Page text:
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AQAP chief targeted by US drone in Yemen: Report

Nasir al-Wuhayshi, head of AQAP and second-in-command of al-Qaeda, was killed in a US drone strike last week, Yemeni officials say
File photo shows a US drone (AFP)

WASHINGTON - The leader of al-Qaeda's branch in Yemen was targeted in a CIA drone strike last week, though US officials would not immediately confirm he had been killed, The Washington Post reported Monday.

Nasir al-Wuhayshi's group, al-Qaeda in the Arabian Peninsula (AQAP), is behind several plots against the United States, including an attempt to blow up a US commercial airliner on Christmas Day in 2009.

US officials told the Post they were reviewing intelligence linked to a 9 June drone strike that targeted Wuhayshi and other AQAP operatives.

According to the Post, Wuhayshi is second-in-command to al-Qaeda leader Ayman al-Zawahiri. 

"We are looking to confirm his death," a US intelligence official told the newspaper.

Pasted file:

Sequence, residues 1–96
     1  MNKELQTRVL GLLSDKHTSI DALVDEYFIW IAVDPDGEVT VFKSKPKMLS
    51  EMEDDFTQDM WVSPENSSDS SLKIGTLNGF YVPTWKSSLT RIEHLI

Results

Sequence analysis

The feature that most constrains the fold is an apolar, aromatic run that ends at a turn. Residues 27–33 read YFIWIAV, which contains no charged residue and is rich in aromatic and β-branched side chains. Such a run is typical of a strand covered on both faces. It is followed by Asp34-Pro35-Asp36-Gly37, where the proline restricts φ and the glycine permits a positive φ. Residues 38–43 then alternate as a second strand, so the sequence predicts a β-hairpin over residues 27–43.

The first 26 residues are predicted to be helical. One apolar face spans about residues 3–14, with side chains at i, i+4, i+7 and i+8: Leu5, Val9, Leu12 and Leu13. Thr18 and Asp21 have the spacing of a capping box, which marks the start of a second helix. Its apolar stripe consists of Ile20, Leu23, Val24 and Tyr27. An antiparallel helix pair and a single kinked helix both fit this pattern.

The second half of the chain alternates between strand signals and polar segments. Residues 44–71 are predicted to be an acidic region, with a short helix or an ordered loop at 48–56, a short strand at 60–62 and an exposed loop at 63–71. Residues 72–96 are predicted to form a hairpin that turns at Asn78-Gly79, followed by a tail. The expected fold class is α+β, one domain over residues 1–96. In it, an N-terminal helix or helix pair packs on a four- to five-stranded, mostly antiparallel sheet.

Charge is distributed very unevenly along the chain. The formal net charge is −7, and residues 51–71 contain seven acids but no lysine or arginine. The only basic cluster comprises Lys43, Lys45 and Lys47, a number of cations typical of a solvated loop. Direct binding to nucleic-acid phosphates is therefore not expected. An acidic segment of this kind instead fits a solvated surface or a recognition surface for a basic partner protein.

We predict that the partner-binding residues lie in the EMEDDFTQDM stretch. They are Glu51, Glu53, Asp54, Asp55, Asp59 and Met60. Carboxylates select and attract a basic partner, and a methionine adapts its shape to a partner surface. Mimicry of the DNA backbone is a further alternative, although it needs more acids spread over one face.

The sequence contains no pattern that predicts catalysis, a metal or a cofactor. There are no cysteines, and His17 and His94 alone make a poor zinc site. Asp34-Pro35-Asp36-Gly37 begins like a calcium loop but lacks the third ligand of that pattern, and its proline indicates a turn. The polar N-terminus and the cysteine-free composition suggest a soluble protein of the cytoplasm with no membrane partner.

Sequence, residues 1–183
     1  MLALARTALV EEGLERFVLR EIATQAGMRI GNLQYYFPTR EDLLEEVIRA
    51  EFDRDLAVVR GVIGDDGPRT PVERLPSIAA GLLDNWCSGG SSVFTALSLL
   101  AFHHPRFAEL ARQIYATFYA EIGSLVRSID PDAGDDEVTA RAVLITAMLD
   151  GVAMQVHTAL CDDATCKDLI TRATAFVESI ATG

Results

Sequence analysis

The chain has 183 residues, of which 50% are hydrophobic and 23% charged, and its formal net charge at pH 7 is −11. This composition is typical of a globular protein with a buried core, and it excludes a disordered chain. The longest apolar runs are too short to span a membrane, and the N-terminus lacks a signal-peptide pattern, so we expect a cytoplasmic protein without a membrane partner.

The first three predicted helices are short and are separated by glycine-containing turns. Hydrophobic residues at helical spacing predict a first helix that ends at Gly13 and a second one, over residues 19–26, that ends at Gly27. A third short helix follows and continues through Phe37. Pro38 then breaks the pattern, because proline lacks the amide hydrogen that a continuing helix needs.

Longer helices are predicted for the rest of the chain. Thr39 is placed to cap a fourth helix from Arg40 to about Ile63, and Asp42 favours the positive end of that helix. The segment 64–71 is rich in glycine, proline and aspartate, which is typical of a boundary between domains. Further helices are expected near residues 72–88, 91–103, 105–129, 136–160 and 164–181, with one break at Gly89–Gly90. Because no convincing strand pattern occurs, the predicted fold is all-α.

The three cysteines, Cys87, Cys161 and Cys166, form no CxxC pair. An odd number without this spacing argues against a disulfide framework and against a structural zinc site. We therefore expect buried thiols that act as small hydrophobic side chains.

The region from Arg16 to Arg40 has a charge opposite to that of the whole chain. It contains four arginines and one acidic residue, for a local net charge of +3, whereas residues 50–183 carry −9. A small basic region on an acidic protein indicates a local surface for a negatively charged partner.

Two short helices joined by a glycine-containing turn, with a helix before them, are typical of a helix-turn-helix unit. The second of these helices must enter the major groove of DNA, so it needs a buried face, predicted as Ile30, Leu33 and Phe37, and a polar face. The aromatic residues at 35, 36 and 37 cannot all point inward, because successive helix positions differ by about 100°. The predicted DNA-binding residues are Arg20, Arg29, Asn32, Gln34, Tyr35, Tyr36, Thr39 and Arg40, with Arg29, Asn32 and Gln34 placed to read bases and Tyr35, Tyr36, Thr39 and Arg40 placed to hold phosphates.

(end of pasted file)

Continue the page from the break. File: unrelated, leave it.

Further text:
CNN, meanwhile, cited two Yemeni national security officials as saying Wuhayshi had been killed on Friday.

AQAP has not yet made an announcement regarding Wuhayshi's reported death, but the Post cited the SITE Intelligence Group as recording a number of online postings by AQAP followers indicating that Wuhayshi was dead and was to be replaced by military commander Qasim al-Rimi.

Wuhayshi escaped a Yemeni prison in 2006 with various other militants and three years later founded AQAP.

A Yemeni official last week told AFP that a drone had fired four missiles on 9 June at three al-Qaeda militants, including an unnamed "leading figure", near Mukalla port, killing them on the spot.

Al-Qaeda in the Arabian Peninsula has exploited months of fighting in Yemen between Shia Houthi militants and their Saudi-backed rivals to consolidate its grip on Hadramawt's provincial capital Mukalla - a city of more than 200,000.

The United States considers AQAP the extremist group's deadliest global franchise and regularly targets its militants with armed drone strikes on Yemeni territory.

It is the only government that operates the unmanned aircraft over the impoverished country.

Critics of the US use of drones fear the attacks may radicalise the families of the people they kill.

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